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Gene. 2000 Feb 8;243(1-2):195-205.

RLR1 (THO2), required for expressing lacZ fusions in yeast, is conserved from yeast to humans and is a suppressor of SIN4.

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Department of Biochemistry, State University of New York, Health Science Center at Syracuse, Syracuse, NY, USA.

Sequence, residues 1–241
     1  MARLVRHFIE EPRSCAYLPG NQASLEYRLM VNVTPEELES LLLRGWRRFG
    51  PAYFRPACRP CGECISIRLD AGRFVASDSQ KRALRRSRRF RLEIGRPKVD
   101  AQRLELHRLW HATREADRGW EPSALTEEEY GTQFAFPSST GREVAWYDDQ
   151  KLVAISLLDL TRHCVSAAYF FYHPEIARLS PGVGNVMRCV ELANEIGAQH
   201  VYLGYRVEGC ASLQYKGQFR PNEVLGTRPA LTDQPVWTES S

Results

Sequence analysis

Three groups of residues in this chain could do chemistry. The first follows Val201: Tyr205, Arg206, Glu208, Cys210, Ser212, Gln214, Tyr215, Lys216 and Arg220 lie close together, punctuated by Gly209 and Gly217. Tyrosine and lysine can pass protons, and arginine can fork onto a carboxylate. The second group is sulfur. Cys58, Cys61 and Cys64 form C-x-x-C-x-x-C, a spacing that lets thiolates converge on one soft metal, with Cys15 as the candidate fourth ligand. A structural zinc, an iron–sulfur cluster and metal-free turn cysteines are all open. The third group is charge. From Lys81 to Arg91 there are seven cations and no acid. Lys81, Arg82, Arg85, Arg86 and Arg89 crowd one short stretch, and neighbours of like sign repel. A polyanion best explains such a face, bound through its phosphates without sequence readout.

We isolated a mutation (rlr1-1; required for lacZ RNA) in the Saccharomyces cerevisiae (Sc) RLR1 gene as a suppressor of sin4, a component of the Mediator subcomplex of the RNA polymerase II holoenzyme and a determinant of chromatin structure. RLR1 encodes a deduced protein found also in fission yeast, nematode worms, and humans. The presence of these orthologs suggests that Rlr1 family members comprise a class of putative KEKE motif-containing proteins, characteristic of certain chaperones as well as regulators and subunits of the mammalian 20S proteasome. A role for RLR1 (THO2) in transcription appears to occur at a step subsequent to transcription initiation (see also Piruat, J.I. and Aguilera, A., 1998. EMBO J. 17, 4859-4872); Sc genes fused to the reporter gene lacZ were expressed at a very low level, while the corresponding native chromosomal genes were expressed at approximately normal levels in rlr1 mutants. Our studies show that rlr1 mutations cause a wide range of growth defects in addition to their novel affect on lacZ.

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